The new Bury Museum & Archives is now open following a £1.2 million refurbishment. Courtesy Bury Museum & Archives.
Opening on Friday May 13 2005, Bury’s £1.2 million Museum & Archives Centre offers residents a brand new museum, an art gallery and a library all under one purpose built roof.
The opening celebration was attended by Bury Mayor, Councillor Barry Briggs; Jennifer Latto, chair of the Heritage Lottery Fund North West, which co-funded the project with the council; the council’s Museum Development Officer, Ronan Brindley and 200 or more of the museum’s regular users.
The modern Museum & Archives Centre is the result of some radical re-thinking of the way museums store and display artefacts.
Traditionally, museums store objects on public display while collections and manuscripts, including letters, photographs and documents, relating to them are held in an archive. In Bury this meant two different buildings.
Using artefacts, documentation and art, the new Bury Museum tells the story of the Lancashire town. Courtesy Bury Museum & Archives.
As Ronan Brindley explains, council and museum staff in Bury decided to combine the two.
“We first started thinking about the idea when someone wanted to donate a wedding dress to the museum and there were photographs and correspondence that went with the dress,” he says. “We explained that the letters and photos would be held apart from the dress but the donor didn’t feel happy about that. We realised that the distinction wasn’t helpful to museum users.”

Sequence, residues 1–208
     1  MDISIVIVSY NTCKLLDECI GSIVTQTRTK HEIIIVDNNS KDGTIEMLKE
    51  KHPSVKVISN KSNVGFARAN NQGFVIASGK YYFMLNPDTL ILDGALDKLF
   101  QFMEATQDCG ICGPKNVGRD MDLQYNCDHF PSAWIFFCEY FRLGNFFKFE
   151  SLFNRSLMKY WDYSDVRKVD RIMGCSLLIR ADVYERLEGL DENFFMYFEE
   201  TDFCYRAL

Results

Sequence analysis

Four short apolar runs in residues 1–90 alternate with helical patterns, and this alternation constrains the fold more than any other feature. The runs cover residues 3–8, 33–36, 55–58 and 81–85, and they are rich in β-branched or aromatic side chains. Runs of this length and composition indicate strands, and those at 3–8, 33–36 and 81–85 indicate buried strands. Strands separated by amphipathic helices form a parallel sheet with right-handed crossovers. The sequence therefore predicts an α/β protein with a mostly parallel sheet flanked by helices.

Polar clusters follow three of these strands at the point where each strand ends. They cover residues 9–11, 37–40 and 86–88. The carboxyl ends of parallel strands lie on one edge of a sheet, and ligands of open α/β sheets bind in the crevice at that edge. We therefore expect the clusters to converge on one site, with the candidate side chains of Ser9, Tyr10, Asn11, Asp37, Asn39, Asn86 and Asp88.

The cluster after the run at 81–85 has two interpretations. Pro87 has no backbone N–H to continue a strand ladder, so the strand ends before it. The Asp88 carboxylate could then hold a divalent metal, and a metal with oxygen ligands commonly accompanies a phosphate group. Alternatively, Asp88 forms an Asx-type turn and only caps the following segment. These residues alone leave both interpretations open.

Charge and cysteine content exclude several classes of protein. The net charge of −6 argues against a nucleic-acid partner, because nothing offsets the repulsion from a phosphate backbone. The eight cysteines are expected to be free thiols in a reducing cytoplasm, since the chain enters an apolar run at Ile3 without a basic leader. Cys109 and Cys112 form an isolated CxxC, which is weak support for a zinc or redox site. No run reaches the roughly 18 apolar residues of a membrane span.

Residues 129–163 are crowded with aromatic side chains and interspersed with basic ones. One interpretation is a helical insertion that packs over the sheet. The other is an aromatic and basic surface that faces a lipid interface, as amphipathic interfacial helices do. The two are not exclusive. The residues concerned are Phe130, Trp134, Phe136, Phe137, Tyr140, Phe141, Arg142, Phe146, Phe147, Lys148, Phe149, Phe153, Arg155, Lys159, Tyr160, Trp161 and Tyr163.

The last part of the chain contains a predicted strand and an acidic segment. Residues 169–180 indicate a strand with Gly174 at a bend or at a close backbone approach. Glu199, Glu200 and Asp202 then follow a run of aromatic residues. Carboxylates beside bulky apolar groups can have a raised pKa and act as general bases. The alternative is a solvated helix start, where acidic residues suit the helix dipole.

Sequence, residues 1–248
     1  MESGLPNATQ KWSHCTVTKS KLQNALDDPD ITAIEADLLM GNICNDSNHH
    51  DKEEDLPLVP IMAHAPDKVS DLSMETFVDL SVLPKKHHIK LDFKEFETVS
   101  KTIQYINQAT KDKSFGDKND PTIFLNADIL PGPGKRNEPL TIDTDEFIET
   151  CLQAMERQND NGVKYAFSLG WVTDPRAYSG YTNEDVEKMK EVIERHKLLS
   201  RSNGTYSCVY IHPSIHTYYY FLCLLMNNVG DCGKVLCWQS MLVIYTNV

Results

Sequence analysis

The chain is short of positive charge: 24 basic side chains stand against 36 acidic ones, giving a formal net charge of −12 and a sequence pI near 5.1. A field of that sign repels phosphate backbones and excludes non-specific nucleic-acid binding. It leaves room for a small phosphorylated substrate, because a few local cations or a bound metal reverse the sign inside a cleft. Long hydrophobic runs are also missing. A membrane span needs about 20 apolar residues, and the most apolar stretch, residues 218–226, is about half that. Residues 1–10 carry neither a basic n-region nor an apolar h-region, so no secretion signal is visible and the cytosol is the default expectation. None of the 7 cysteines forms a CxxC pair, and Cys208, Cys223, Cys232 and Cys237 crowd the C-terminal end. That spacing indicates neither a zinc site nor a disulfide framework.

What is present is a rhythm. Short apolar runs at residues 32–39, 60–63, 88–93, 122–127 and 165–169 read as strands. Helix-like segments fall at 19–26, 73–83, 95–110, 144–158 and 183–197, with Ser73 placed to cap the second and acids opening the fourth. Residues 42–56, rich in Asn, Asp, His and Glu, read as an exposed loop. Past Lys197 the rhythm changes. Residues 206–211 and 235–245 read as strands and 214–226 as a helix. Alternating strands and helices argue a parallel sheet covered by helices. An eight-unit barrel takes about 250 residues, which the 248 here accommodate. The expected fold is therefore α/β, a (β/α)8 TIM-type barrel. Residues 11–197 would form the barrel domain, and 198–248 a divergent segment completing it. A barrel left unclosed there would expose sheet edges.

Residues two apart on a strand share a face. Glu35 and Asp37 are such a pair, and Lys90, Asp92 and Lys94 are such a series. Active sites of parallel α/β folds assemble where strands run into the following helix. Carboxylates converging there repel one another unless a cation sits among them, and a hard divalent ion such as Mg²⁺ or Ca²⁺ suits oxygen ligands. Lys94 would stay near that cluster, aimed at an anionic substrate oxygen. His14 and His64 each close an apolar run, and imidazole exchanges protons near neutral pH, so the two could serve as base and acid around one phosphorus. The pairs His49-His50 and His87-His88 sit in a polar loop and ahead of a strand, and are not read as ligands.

By bringing together collections of objects and old documents, the museum has made it easier for people to find out more. Objects are displayed to inspire visitors to explore the archives.
“Everyone is interested in their heritage, it’s going to take over from cooking on TV,” Brindley says. “We aim to make it accessible.”
One of the opening displays in the new museum is Keep it Clean, a look at sanitation.
The displays are aimed at provoking prolonged interest in the museum's objects. Courtesy Bury Museum & Archives.
A central exhibit is a Sheraton-style Georgian washstand equipped with everything required for washing including a bidet. It’s an important object for the museum because it came from the house that once stood on the site the new institution now occupies.
Visitors made curious by the exhibition can discover the history of sanitation in their own homes by researching documents from the archive in the study area with the help of the museum’s visitor assistants and archivists.
The Gallipoli Campaign is another opening exhibition that will stir up local interest as the Lancashire Fusiliers took part in the battle in 1915 and more than 2000 young men from Bury died in the fighting. The display includes a machine gun and portraits of some of the fallen soldiers.
The museum also aims to get people thinking by putting apparently unrelated objects next to each other. For example there will be Bronze Age urns displayed alongside a table made by an Italian prisoner of war in Changing Communities, an exhibition on the diverse population of Bury since hunter-gatherer times.
As Brindley says: “We want to get people to ask questions.”